For NCCU alumnus, it’s ‘Each one, teach many’

Setrina Hunter proudly stands by her NCCU memorabilia wall in her home. (Staff photo by Ti-Vianna Webster)


 

Whether being recognized for her work with Durham’s urban youth or raising awareness and working to eliminate prejudice with the NAACP, Setrina Hunter is truly a strong brick in the foundation of Downtown and NorthEast Central Durham.

After majoring in biology at N.C. Central University, she began a career as a clinical researcher working at several companies before returning to NCCU for her master’s in biology and securing a position at Glaxo-Smith Kline in the Research Triangle Park in 1981.

While there, she became involved with the GSK Foundation’s Women in Science Scholars program in 1993. Through this program, she became a mentor and has since mentored countless young women pursuing careers in science or just working their way through life’s challenges.

Although her mentoring originally started with women in science, her involvement with the NAACP of Durham broadened her circle and broadened her mentoring relationships. She served in many leadership positions including Health Committee Chair and Branch Treasurer.

“Other than being the financial stability for them, my mission was to bring in the younger crowd, mainly in the African American demographic, so they could learn about the organization as well as learn and see something new,” says Hunter.

During her years of working with the NAACP she noticed the help and outreach they had on the NorthEast Central part of Durham as well as the Triangle.

“There is a legal redress committee and a labor committee who likes to help out the Durham committee especially with the areas this newspaper focuses on. The labor committee helps out a lot because there are a decent amount of people who feel like they are being treated unfairly, so we kind of help be the voice for those people. The NAACP is really about awareness,” says Hunter.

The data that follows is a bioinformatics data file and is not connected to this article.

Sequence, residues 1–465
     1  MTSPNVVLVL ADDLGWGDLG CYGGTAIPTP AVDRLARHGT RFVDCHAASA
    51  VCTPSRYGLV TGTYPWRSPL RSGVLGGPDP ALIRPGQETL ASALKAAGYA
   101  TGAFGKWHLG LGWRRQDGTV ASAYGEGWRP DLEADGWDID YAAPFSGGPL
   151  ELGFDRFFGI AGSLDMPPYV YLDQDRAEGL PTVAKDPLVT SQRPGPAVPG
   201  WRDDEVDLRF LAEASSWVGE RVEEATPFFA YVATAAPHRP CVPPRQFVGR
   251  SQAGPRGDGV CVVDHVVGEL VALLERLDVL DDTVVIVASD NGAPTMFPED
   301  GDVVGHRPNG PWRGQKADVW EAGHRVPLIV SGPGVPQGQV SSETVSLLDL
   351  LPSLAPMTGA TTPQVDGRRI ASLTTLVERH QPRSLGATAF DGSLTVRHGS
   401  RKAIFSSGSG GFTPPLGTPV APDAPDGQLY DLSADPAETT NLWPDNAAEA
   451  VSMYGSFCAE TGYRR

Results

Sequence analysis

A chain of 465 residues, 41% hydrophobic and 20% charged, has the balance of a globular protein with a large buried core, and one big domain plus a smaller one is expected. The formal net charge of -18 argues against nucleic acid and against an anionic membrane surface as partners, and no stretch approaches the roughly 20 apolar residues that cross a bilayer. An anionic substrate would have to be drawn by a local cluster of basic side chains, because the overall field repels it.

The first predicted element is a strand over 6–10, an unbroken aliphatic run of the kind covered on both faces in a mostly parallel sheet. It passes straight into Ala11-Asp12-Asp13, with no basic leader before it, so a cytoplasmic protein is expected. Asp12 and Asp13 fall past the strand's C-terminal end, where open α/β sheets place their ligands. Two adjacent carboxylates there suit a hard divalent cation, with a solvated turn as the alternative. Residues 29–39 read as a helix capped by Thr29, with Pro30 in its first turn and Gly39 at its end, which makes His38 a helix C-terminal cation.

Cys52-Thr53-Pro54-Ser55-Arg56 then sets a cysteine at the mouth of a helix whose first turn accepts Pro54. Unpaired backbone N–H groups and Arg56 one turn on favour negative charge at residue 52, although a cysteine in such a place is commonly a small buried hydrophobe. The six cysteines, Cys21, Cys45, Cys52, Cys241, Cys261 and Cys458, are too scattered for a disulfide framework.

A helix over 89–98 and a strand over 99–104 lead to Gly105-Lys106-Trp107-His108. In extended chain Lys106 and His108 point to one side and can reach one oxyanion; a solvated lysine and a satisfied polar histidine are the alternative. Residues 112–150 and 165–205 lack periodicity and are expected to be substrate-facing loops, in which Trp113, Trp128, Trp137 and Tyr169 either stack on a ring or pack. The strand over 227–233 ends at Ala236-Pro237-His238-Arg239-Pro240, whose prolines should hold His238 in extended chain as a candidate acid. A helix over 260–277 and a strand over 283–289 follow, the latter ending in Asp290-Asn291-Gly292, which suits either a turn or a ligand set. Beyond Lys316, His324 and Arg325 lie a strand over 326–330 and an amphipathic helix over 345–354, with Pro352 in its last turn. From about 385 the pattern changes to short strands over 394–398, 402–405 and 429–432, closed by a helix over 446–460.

One of the big issues they tackled as part of the Legal Redress Committee was the relationship between the police and the public in NECD. There was a lot of mistrust and they helped with relationship building that became a model for a nationwide initiative.

It was clear from a young age, that Hunter showed leadership potential. She grew up in High Point where she attended Christ the King Catholic School.

“From 2nd to 5th grade I attended Catholic school, and being there everyday made me want to be a nun,” said Hunter. “It was something about the charge that they took and the confidence they had.”

As she got older she attended Ragsdale High School in Jamestown. She did work with Girl Scouts and worked with her aunt on different black history projects. From then on her knowledge and love for black history began to flourish.

In her brick house in Durham, her love for NCCU is clear. “My uncle was an Eagle, my aunt was an Eagle and if you got Eagles in your family, guess what? You’re going to NCCU,” she says.

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Her college years consisted of mainly studying with 21-credit-hour course load some semesters and doing PR work for the campus as an ambassador for the university.

“Doing these things exposed me to different loves that I have outside of science,” Hunter said.

Her days now include mentoring with Durham’s youth. She works alongside NCCU, and is also known through either formal or informal encounters. “I still do mentoring with NCCU and youth in the Durham community” says Hunter.

Her main focus now is black youth, especially black women.

“For my black children, they get so left behind because they may not know who to ask or where to go, so I made it my mission in life to make sure they stay on top of things so they can come out on top and have the proper information they need to take advantage of any opportunities that are out there,” she says.

“I’ve seen the work she has done for the community as well as the work she does with the youth,” said Sandra Knowles, a long time friend. “She even helped me get into where I’m living, so she is really a blessing to a lot of people’s lives.”

As the years go on she plans to continue working with Durham’s youth and supplying them with useful skills and endless support.

“My aunt always use to tell me the sky is never the limit. Don’t let anyone or anything bound you from anything in this world because anything is possible.”

 

 

Ti-Vianna Webster of Durham is a communications major at N.C. Central University and a staff writer-photographer for the Durham VOICE.


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